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Author: lswswein Three stars, 500 posts Old School Fool Add to my Favorite Fools Ignore this person (you won't see their posts anymore) Number: of 120809  
Subject: 2010 Roth IRA conversion Date: 5/19/2010 11:47 AM
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Hi
I am helping a friend with a tax question and he is planning to go to Grad school this fall and wants to fund it from his IRA account. This is where things stand right now:

1. Has a Traditional IRA with 44K in it.
2. Is in the 25% tax bracket now and will be in the 15% bracket next yr

What he wants to do:

1. Rollover to Roth in 2010, but opt to count it as income (50/50) in 2011 and 2012 (This is the exception for 2010).

2. Withdraw from Roth in 2010 (upto the cost of tuition)

3. It violates the 5 year rule, so subject to 10% penalty, but the penalty will be waived for qualified education expense.

Some numbers:

Plan A:

1. Rollover $44,000 in 2010. (Addl income in 2011 - $22,000. Addl income in 2012 - $22,000)
2. Withdraw $44,000 from Roth in 2010.
2011 Tax from rollover: Expect to be in the 15% tax bracket (federal) + 5% for state => $4,400 (due Apr 2012).
2012 Tax from rollover: Expect to be in the 25% tax bracket (federal) + 5% for state => $6,600 (due Apr 2013).

Plan B:
1. Withdraw from Trad IRA $44,000 in 2010
2010 Tax from withdrawal: Expect to be in 25% tax bracket + 5% for state => $13,200 (due Apr 2011)

You can see why Plan A is tempting.

Does this make sense? I read all the IRS publications and I think this is ok. Any help will be appreciated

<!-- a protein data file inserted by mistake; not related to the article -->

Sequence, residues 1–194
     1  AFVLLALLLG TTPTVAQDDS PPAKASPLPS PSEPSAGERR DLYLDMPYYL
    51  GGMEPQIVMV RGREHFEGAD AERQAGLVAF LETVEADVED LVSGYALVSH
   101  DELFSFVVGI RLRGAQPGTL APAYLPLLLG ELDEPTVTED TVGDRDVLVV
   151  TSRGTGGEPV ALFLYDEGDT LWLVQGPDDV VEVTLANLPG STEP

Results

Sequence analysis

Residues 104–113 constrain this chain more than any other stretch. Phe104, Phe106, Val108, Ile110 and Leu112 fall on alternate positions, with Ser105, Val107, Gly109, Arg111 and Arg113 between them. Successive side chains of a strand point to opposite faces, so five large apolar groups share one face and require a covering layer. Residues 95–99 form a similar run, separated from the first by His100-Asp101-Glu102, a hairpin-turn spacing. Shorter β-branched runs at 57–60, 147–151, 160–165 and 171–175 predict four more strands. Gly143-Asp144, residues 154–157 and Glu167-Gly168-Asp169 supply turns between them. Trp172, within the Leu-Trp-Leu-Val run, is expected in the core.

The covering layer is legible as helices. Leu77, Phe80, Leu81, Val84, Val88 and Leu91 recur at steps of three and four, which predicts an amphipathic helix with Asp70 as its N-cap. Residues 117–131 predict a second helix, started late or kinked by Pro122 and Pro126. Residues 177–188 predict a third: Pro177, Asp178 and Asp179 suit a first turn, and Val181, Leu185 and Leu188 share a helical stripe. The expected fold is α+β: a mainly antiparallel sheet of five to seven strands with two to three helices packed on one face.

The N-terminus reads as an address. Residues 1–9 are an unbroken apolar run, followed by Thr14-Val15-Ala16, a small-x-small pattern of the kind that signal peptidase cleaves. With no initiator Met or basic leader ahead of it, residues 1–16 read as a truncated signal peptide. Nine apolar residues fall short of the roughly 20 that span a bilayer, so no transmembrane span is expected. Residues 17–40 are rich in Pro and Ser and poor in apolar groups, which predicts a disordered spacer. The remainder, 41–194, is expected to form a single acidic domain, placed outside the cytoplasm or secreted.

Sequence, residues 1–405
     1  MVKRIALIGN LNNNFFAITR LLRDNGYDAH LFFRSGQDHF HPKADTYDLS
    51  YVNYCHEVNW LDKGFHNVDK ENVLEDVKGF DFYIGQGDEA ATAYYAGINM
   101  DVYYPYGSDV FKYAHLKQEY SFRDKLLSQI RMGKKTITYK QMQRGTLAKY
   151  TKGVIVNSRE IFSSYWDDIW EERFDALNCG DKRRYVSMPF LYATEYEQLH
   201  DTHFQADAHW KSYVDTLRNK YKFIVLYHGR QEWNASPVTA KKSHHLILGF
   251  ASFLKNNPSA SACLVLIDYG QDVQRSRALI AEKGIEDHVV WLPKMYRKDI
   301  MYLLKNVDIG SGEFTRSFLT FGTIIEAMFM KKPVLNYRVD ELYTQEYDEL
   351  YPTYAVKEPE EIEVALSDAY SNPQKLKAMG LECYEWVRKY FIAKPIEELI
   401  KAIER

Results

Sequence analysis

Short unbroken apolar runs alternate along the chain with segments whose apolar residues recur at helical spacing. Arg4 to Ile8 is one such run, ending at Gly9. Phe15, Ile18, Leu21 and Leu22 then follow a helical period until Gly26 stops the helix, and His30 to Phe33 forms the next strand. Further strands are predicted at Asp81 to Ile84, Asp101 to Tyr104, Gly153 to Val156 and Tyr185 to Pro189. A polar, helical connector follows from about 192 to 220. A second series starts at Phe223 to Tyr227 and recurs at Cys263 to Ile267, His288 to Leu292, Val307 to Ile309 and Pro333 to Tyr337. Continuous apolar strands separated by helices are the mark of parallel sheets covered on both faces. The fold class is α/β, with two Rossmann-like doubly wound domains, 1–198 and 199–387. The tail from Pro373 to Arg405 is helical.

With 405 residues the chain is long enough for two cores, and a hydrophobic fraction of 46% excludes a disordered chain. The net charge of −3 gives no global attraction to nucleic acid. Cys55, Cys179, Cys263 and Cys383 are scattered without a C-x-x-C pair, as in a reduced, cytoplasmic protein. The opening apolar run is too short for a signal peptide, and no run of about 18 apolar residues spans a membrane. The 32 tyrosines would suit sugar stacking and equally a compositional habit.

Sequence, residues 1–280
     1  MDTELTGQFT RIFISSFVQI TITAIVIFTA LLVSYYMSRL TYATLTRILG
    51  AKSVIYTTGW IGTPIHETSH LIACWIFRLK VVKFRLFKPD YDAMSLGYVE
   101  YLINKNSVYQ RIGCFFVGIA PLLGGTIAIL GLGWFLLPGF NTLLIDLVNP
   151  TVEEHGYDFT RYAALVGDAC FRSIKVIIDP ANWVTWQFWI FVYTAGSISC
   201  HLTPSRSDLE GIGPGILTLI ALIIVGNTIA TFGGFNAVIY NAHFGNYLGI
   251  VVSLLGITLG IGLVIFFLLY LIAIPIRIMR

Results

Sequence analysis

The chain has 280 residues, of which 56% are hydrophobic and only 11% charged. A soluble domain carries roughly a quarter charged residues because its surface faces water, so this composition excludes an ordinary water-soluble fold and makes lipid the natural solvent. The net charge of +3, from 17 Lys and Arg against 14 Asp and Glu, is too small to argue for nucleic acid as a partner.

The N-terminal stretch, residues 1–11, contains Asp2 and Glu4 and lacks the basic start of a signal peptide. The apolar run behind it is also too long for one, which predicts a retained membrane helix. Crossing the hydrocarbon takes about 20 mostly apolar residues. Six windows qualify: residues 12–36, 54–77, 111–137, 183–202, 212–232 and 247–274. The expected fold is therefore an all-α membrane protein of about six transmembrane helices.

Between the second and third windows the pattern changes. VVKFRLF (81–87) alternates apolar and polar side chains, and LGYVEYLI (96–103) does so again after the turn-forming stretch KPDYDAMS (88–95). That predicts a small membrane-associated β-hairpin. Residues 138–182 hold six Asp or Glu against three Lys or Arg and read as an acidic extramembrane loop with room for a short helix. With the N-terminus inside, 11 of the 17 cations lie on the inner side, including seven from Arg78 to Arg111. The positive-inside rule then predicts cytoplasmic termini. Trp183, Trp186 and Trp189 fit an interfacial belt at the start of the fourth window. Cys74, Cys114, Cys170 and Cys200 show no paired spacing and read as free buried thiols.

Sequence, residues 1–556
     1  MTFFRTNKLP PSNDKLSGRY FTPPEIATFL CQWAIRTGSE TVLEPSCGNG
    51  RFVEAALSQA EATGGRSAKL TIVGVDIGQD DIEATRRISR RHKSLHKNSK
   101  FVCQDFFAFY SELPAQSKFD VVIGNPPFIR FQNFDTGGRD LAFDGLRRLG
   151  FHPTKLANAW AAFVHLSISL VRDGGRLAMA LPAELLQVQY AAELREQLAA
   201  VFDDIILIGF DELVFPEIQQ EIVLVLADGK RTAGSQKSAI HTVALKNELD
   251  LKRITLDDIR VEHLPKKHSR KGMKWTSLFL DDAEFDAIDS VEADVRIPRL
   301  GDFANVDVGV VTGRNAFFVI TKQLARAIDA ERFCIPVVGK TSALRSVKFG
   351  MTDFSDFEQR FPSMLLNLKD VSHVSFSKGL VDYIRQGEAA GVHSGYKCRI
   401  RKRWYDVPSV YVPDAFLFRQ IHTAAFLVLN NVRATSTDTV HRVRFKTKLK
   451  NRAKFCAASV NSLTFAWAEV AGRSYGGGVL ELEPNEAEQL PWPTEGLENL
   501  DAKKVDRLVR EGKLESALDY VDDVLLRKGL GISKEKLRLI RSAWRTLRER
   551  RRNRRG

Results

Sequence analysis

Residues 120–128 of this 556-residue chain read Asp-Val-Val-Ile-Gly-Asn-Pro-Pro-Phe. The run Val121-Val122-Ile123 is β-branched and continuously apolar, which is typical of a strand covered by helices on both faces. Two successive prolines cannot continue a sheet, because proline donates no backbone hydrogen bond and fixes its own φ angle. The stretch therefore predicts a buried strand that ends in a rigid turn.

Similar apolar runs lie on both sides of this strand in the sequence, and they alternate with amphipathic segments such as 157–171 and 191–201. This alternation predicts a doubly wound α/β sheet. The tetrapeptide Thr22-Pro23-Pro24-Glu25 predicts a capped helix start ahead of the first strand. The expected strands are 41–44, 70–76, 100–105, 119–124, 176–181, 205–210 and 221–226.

thanks
-h
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Author: ptheland Big gold star, 5000 posts Feste Award Nominee! Old School Fool Add to my Favorite Fools Ignore this person (you won't see their posts anymore) Number: 110452 of 120809
Subject: Re: 2010 Roth IRA conversion Date: 5/19/2010 4:02 PM
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How about plan C.

Leave the retirement money alone. It is for retirement. Save up some money for grad school, then go once enough has been saved. This would be my first choice. And it's my only recommendation if the grad degree would not pay for itself plus the lost wages while in school.

Or plan D.

Get a student loan. Those are generally at very reasonable interest rates and at good terms for the borrower.

While in school, you could take advantage of the low income year to convert part or all of the traditional IRA to a Roth. I've long been an advocate of waiting for such an opportunity to convert.

If you insist on raiding the retirement, here's plan E.

Convert in 2010 only the amount needed to pay tuition in 2010. Elect to report the income in 2011 and 2012. Then in 2011, convert the rest (or just more) of the IRA to a Roth. That gets more of the conversion income into 2011 with its lower tax bite.

--Peter

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Author: lswswein Three stars, 500 posts Old School Fool Add to my Favorite Fools Ignore this person (you won't see their posts anymore) Number: 110482 of 120809
Subject: Re: 2010 Roth IRA conversion Date: 5/21/2010 4:10 PM
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Thank you - basically going to implement Plan E.

-h

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